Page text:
Before his visit to the University of Massachusetts, Amherst on Thursday was cancelled due to a scheduling conflict; I was looking forward to sharing my concerns with Governor Deval Patrick. If I didn’t know better and had a bigger ego, I’d say that he cancelled because he somehow knew that I had planned on doing so. I voted for the governor twice and am disappointed that he would propose throwing the real estate market under the bus now that he has decided not to run for re-election, especially while it is trying to recover from being run over by one of the worst financial crises in history.
The reason for the governor’s visit to UMass was to tout his tax plan to raise $1.9 billion for transportation and education, which includes proposals that will likely have an adverse effect on the Pioneer Valley real estate market.
When a home owner sells their home, they have an array of expenses to contend with. They have to get their septic system inspected if they have one; and if it fails, they need to pay for what could be a costly repair. Sometimes a seller needs to pay for repairs to the house to facilitate a sale as well. They also have to pay their attorney to handle the legal mumbo-jumbo. Of course, we should never forget that home sellers need to pay their REALTOR® a commission for working so hard to get them more money for their home than they would have otherwise, even after they paid said REALTOR’s® commission.
What’s more, the commonwealth already requires that home sellers pay for tax stamps. Tax stamps cost home sellers $4.56 per thousand dollars. The tax stamps for a $200,000 house would cost $912 (200 X $4.56), for example.
The one thing that a home seller has going for them is that they are not taxed on the capital gain―the difference of what a home owner paid for their home and what they sell it for when the latter is greater―up to $500,000 for married couples and up to $250,000 for single people was not taxed by the federal government or by the commonwealth. However, the governor wants to take that exemption away from them.
Patrick wants to tax the equity at 6.25%, according to the Massachusetts Taxpayers Foundation. So if a home owner bought a house for $250,000 and sold it for $300,000, they would be taxed 6.25% on $50,000.
You would think that would be enough, but the governor wants to take even more away from the home seller as part of his plan. He also wants to take away the tax credit for a septic system repair, which is currently $6,000 over 4 years, and the lead-based paint removal tax credit, which is $500 to $1,500.
These proposals may seem relatively insignificant to someone with a $1.5 million home on the market, as the governor does, but they are significant to the rest of us.
The impact of these proposals threatens the recovery of the real estate market. Fewer people will be able to afford to sell, so less people will be able to buy. Those who are looking to move up the real estate ladder for a bigger house for their growing family, growing needs, or growing portfolio will be unable to do so. Fewer people will be able to buy their first home because less people will be able to afford to sell their first home.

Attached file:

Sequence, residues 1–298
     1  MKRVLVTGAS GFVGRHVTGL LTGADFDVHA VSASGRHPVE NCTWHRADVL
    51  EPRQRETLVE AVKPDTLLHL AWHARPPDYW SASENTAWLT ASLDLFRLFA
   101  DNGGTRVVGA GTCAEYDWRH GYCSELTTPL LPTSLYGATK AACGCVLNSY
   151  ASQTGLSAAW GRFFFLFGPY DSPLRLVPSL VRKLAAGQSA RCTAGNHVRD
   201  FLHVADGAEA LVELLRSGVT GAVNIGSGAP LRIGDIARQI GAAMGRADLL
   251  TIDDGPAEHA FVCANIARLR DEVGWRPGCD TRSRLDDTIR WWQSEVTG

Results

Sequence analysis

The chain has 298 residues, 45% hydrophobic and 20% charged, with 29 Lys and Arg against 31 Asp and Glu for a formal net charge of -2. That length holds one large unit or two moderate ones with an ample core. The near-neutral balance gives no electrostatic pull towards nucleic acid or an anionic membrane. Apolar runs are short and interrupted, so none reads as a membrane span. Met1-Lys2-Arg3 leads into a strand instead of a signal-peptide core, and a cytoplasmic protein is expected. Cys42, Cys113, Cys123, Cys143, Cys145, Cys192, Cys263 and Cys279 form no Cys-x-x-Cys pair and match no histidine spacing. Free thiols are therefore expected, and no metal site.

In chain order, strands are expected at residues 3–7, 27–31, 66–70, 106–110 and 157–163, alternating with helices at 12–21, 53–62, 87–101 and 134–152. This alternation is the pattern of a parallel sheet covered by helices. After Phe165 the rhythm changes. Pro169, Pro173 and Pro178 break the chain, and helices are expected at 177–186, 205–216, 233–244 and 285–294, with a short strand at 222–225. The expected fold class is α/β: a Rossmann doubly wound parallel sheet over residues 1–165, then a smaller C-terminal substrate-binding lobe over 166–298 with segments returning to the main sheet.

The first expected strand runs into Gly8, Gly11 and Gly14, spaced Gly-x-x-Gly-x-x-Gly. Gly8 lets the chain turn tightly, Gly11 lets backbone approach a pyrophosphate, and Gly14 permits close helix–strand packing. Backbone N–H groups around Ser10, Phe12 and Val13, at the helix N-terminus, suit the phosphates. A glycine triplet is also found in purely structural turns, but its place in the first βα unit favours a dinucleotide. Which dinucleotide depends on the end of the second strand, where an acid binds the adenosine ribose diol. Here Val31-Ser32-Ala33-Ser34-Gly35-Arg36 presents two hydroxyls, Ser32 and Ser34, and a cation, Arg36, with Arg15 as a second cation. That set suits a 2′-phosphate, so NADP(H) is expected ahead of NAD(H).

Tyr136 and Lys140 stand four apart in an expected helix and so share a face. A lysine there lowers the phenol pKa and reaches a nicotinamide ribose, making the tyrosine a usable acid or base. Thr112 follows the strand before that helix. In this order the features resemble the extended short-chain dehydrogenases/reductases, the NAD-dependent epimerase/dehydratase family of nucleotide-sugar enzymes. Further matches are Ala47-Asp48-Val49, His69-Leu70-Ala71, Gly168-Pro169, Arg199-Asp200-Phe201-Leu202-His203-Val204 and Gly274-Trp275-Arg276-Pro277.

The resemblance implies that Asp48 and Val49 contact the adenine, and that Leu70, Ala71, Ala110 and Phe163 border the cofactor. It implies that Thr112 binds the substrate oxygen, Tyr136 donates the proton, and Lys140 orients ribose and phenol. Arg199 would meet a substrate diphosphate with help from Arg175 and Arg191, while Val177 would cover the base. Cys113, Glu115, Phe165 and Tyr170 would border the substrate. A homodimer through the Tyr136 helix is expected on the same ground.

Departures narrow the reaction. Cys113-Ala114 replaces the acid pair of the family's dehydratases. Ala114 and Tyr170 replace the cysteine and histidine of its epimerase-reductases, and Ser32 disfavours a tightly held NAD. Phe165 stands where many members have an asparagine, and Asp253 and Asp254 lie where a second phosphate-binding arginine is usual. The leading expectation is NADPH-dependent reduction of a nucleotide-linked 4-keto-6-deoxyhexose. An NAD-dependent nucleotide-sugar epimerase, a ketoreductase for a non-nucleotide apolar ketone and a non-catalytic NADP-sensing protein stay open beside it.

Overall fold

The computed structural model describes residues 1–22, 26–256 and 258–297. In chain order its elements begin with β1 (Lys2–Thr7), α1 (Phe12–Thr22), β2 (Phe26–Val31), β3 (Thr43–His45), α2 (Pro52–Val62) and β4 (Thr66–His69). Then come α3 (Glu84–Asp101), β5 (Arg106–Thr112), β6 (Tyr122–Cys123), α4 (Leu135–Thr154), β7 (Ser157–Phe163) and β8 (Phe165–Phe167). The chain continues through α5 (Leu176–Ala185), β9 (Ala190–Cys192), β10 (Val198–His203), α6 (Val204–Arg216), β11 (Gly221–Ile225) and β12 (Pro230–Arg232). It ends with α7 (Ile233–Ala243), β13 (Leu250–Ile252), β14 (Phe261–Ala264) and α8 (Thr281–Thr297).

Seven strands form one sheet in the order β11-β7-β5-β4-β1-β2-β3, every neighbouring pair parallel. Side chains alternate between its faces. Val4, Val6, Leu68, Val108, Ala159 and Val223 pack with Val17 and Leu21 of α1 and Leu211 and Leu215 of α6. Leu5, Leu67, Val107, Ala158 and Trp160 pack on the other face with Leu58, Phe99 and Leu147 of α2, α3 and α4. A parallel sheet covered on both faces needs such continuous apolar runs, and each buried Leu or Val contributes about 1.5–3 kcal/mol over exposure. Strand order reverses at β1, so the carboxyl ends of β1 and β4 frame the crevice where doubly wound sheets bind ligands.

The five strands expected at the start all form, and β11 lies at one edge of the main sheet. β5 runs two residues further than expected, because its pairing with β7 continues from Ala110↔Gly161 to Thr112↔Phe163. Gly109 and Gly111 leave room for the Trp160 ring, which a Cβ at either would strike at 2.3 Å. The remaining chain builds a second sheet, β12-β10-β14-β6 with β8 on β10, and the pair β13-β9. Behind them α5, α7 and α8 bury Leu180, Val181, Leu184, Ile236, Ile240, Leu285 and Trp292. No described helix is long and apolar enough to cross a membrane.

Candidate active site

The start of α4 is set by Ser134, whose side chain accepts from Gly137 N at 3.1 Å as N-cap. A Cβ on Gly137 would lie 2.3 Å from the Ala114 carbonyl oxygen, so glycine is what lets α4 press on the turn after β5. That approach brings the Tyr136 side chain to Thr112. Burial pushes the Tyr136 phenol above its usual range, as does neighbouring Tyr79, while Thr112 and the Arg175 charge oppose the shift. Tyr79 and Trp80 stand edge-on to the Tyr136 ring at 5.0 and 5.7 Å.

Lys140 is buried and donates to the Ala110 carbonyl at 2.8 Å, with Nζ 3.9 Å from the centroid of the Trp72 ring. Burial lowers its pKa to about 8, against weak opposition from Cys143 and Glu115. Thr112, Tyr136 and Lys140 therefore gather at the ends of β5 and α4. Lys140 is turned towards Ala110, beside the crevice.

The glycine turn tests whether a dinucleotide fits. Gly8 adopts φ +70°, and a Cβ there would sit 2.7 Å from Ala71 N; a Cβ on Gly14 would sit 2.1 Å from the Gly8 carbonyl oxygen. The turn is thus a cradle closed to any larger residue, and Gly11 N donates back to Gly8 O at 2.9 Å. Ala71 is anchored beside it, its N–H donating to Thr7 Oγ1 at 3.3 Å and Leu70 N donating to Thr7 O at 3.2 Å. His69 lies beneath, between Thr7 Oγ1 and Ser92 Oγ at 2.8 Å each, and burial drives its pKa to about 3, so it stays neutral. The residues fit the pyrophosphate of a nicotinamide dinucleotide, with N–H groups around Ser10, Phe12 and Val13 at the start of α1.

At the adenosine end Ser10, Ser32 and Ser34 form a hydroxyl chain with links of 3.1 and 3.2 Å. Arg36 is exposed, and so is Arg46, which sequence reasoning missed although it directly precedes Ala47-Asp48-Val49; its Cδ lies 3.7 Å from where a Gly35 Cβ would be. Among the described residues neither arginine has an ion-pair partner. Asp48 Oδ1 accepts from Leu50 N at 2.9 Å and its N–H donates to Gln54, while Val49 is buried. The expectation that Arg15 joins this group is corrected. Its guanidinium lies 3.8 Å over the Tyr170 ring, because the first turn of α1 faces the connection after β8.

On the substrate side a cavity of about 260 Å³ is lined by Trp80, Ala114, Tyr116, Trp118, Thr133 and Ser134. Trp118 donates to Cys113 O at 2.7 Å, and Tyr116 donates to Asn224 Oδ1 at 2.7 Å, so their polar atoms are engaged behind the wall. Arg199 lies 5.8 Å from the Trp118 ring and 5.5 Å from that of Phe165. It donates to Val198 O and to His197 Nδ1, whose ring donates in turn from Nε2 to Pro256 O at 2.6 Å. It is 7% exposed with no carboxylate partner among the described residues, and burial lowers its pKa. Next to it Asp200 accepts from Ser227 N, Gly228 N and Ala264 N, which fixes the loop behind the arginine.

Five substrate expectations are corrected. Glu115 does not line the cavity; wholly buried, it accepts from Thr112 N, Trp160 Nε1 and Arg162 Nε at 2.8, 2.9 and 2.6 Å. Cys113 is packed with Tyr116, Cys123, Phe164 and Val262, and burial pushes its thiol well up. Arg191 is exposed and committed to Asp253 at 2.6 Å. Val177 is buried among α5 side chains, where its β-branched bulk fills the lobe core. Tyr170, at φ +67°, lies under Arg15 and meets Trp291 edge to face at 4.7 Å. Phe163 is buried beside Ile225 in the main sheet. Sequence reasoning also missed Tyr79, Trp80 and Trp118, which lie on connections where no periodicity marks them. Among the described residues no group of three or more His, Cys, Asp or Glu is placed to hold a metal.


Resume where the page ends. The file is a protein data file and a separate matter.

This is to say nothing of the fact that most middle-class home owners lost considerable wealth when home values dropped as a result of the mortgage crisis. Many home owners can’t sell because they owe more than what their property is currently worth, while others lost a significant portion of the equity they had acquired. I don’t see how it a good to encumber home sellers further by increasing taxes and eliminating deductions as the real estate continues its recovery. Further, the jobs that result from home sales will disappear when fewer people sell their homes.
If the past 6 or 7 years have taught us anything, it is that real estate is the bedrock of our economy. The bedrock of our economy is just starting to come back, but we also still face challenges. Single-family inventory is low, it is harder for home buyers to qualify for a loan, FHA loans have recently become more expensive, FHA loans for condominiums are harder to get because as a result of stricter guidelines, home inventory is low, and the United States Congress likes to throw sticks in the spokes with ever-perpetuating gridlock prolonging uncertainty that further threatens the recovery. Sisyphus had less obstacles.
So in addition to the expenses that a home seller faces, and despite the challenges that the real estate market faces as it claws its way back, the governor of Massachusetts wants to create another obstacle by taxing home owner equity and eliminate valuable tax credits.
Perhaps I am biased, but I don’t understand why this portion of the governor’s plan to raise revenue isn’t a bigger story on the front page of every newspaper in Massachusetts. So help spread the word. Please share this article and write your legislator and the governor to ask them to leave the bedrock of the economy alone. The real estate market can’t afford it and neither can the economy.